3 ways to save your sex life
We can’t choose which feelings we want to experience. What most people don’t realize in their selective attention to their feelings is that as we block our ability to feel any particular emotion, it actually impacts all of our emotional capacity, not just the things we are trying to avoid.
This is the conundrum that chokes most people’s sexual drive because libido and emotion are so closely tied, and not only in our brain’s processing mechanism. When we become numb to our emotional response and are unwilling to listen to the important lessons that our heart has to share, we inadvertently lose our capacity to get turned on sexually, too. Let’s look at how learning to feel can heal old erotic wounds, expand your sexual potential and create intimate connections.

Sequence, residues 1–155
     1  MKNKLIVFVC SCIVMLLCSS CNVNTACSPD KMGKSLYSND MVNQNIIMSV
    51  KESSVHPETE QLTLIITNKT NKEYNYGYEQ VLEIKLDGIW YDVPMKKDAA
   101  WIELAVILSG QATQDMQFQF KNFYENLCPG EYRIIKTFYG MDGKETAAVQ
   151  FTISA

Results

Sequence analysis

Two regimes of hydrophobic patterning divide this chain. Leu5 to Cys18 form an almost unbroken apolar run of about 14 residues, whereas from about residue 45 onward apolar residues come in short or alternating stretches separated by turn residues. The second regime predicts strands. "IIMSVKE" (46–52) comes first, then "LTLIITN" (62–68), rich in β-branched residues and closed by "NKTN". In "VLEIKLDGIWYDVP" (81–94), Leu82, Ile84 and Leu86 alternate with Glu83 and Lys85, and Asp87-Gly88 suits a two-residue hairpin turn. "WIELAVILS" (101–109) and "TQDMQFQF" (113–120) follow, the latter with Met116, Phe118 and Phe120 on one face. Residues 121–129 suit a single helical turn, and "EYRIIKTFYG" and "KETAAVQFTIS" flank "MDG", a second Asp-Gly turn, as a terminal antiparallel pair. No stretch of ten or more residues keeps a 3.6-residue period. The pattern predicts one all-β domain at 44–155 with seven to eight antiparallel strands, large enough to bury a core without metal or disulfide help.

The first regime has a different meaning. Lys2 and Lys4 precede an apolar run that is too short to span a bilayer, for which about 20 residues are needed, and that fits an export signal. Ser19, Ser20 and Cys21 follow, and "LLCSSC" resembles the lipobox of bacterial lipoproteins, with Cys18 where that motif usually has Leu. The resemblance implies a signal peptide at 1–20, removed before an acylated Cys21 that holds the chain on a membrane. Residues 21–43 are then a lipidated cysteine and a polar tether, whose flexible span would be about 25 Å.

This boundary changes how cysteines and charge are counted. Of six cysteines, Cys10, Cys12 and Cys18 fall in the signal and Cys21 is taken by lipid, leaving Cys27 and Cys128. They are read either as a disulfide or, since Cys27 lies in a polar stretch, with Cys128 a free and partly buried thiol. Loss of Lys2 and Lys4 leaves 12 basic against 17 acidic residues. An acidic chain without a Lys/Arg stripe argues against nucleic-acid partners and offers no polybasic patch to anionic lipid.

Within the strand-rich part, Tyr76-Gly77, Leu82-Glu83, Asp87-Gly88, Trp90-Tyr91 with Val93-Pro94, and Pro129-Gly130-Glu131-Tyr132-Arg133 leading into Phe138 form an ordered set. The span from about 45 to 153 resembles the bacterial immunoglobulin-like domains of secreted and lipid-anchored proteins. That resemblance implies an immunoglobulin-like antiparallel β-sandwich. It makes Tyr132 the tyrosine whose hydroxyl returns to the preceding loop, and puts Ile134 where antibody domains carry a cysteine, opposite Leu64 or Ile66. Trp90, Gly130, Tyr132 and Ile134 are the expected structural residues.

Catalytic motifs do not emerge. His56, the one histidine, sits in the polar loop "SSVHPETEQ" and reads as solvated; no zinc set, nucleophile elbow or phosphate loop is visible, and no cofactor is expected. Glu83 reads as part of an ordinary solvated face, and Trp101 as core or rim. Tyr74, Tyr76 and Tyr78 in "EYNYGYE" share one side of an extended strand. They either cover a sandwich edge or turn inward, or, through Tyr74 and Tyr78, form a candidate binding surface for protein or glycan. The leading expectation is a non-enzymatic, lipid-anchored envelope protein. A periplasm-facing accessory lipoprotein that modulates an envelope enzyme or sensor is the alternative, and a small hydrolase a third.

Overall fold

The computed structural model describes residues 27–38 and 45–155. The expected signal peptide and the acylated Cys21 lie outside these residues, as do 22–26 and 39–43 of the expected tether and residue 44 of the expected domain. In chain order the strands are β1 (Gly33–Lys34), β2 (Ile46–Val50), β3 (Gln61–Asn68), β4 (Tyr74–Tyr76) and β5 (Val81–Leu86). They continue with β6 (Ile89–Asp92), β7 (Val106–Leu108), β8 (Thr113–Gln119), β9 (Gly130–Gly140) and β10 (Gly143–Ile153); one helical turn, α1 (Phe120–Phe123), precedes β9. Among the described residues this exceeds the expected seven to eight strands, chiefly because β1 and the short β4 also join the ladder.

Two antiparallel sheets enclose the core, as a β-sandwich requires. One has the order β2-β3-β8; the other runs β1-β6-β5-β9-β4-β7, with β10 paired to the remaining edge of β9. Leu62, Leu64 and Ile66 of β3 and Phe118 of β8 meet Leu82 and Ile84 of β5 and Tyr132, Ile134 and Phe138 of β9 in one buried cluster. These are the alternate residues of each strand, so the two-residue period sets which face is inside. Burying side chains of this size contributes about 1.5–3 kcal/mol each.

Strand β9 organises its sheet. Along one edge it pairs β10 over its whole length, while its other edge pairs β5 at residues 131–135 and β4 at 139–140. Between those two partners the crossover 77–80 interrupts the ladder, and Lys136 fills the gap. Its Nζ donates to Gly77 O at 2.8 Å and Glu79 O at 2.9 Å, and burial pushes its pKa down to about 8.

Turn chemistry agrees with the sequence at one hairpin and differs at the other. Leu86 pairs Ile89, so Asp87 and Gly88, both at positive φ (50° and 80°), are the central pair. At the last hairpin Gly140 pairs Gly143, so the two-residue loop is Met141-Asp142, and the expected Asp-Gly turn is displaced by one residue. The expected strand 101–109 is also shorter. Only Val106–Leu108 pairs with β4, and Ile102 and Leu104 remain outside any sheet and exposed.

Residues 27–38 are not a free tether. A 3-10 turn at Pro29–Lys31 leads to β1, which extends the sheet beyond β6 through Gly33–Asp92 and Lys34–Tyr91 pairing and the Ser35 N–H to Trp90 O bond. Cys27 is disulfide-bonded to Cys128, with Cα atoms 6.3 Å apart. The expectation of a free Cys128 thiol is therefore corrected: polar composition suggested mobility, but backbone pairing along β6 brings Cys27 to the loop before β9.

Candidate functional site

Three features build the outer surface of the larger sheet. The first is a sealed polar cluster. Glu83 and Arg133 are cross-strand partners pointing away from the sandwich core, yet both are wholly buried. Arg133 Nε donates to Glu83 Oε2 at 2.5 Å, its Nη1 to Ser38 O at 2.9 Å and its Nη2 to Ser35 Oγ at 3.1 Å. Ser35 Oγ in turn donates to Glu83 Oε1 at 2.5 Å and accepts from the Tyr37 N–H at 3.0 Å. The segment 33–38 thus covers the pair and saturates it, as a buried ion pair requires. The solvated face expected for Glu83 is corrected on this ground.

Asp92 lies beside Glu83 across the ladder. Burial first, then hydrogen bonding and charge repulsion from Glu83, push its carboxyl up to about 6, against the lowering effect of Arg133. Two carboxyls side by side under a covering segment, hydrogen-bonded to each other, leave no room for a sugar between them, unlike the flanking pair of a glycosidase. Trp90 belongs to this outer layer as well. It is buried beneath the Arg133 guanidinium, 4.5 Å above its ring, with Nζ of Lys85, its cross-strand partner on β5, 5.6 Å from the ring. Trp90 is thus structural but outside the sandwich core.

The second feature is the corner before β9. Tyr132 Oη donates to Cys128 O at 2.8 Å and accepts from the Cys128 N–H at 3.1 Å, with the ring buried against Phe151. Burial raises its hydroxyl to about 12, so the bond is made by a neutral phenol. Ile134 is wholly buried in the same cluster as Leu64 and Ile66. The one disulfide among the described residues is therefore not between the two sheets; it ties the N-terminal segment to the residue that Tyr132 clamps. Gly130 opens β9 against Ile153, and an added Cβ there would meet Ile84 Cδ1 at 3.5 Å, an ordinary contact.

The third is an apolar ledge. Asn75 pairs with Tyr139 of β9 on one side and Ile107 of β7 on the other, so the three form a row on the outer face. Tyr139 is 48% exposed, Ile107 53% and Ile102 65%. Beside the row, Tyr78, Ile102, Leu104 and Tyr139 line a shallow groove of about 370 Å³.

The issue of sexual consent is a hot topic and not just for young adults who are learning to navigate the uneasy land of sexual hookups. Most young people come into sexual encounters with some degree of inebriation, which makes drawing a line between yes and no fuzzy. Too often there has been no planning for an exit strategy for the moment when yes turns into no more- creating another common dilemma leading to harmful sexual results. Tragically, sex that ends badly, where one or both partners feel forced, disrespected or ashamed of what happened is what happens when sexual acts are ungrounded and divorced from the comfort and familiarity of intimate relationship.